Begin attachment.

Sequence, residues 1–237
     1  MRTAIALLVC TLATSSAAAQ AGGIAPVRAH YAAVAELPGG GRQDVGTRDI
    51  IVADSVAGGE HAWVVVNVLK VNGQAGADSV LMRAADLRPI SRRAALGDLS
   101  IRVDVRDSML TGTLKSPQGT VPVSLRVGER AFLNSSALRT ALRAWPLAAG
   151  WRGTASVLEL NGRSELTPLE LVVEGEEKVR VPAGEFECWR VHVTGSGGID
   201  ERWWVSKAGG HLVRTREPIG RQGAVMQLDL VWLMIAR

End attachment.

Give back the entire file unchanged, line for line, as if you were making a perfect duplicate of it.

Sequence, residues 1–237
     1  MRTAIALLVC TLATSSAAAQ AGGIAPVRAH YAAVAELPGG GRQDVGTRDI
    51  IVADSVAGGE HAWVVVNVLK VNGQAGADSV LMRAADLRPI SRRAALGDLS
   101  IRVDVRDSML TGTLKSPQGT VPVSLRVGER AFLNSSALRT ALRAWPLAAG
   151  WRGTASVLEL NGRSELTPLE LVVEGEEKVR VPAGEFECWR VHVTGSGGID
   201  ERWWVSKAGG HLVRTREPIG RQGAVMQLDL VWLMIAR